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Company contests citations following miner’s death

Hecla Mining Company is contesting four citations and $1 million in fines issued by a federal agency following a cave-in that killed a miner in April at the Lucky Friday Mine in northern Idaho.

Phil Baker, president and chief executive officer of the Coeur d’Alene-based company, said in a release Dec. 2 that the findings from the Mine Safety and Health Administration’s report did not support the four citations.

“In my opinion and upon examination, the report does not substantiate MSHA’s previously issued citations,” Baker said.

The federal agency has not yet made the report public, though Hecla officials said they expect the report to be posted on the federal agency’s website soon. A call to the agency from The Associated Press was not returned Dec. 3.

Federal investigators in September issued some of their findings and concluded that managers of the Lucky Friday Mine engaged in “aggravated conduct constituting more than ordinary negligence” by directing workers to remove ore from a pillar providing support. Investigators said that contributed to the collapse of a tunnel that killed 53-year-old Larry Marek of Kingston, Idaho.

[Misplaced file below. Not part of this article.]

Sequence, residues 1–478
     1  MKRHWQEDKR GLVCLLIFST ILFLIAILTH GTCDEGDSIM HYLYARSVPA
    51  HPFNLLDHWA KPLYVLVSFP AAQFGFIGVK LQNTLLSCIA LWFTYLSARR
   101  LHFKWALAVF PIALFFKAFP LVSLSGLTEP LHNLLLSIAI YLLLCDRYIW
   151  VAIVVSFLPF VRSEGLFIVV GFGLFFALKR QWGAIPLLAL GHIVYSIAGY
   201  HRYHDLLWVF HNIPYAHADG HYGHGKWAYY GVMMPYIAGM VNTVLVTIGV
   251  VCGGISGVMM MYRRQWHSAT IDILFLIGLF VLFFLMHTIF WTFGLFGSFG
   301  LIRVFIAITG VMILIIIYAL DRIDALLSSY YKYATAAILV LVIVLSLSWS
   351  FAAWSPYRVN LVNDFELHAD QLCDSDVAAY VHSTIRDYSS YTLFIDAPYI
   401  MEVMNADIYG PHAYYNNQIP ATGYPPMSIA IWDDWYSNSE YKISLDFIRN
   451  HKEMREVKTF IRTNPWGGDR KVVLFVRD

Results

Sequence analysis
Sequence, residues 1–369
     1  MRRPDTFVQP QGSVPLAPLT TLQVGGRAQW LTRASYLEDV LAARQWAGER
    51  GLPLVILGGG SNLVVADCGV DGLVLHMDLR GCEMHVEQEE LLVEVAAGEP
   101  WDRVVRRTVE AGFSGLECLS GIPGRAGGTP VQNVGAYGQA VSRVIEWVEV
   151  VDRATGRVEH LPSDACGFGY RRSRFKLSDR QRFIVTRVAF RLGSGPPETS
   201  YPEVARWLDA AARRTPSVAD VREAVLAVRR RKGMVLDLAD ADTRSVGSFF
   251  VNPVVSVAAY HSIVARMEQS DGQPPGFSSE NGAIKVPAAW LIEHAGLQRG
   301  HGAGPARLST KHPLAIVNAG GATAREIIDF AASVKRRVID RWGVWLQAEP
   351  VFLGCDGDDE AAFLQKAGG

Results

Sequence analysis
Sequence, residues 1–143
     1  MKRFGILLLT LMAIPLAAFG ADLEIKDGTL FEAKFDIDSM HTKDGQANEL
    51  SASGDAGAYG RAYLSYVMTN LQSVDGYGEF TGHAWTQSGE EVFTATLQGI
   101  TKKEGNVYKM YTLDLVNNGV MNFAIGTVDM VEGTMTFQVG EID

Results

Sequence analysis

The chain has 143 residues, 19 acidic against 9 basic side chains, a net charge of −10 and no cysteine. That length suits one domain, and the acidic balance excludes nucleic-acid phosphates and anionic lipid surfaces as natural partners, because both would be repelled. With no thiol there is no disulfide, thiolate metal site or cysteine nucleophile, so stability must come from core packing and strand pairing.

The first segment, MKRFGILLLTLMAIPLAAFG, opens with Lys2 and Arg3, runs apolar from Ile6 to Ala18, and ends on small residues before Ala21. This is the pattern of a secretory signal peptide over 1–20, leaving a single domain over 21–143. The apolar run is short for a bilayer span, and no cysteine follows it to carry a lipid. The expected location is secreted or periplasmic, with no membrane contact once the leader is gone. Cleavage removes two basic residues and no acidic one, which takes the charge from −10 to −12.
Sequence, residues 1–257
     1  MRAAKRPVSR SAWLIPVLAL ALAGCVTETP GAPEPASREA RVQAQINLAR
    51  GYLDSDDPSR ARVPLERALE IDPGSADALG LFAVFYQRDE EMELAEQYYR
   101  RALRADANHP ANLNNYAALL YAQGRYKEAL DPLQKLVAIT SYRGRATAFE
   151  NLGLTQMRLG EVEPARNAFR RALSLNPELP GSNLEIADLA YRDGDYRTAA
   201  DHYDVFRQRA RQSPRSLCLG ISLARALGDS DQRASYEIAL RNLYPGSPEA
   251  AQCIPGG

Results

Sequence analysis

In a different accident last month at the mine, 26-year-old Brandon Lloyd Gray died from his injuries after loose material gave way beneath him and a fall-arrest device that activates a device similar to a seat belt in a car didn’t prevent him from tumbling into a stream of rock.

Marek died in an April 15 cave-in at the mine, near the border with Washington state. His body was recovered on Easter Sunday, nine days after the ceiling collapse more than a mile underground. The 12-year company employee and his brother Mike Marek had just finished watering down blasted-out rock and ore in the mine in the Idaho Panhandle before the collapse. Mike Marek escaped unharmed.

Mining at the Lucky Friday involves drilling holes in a rock face, blasting it to rubble, then carting the debris to the surface to be processed into silver, lead and zinc. Miners often work more than a mile underground.

Despite the harsh conditions, Marek’s death was the mine’s first fatality since 1986.

“Our company works hard each day to have our miners return home safely to their families at the end of their shift,” Baker said in the statement. “This has been a gut-wrenching time for our company and for our communities.”

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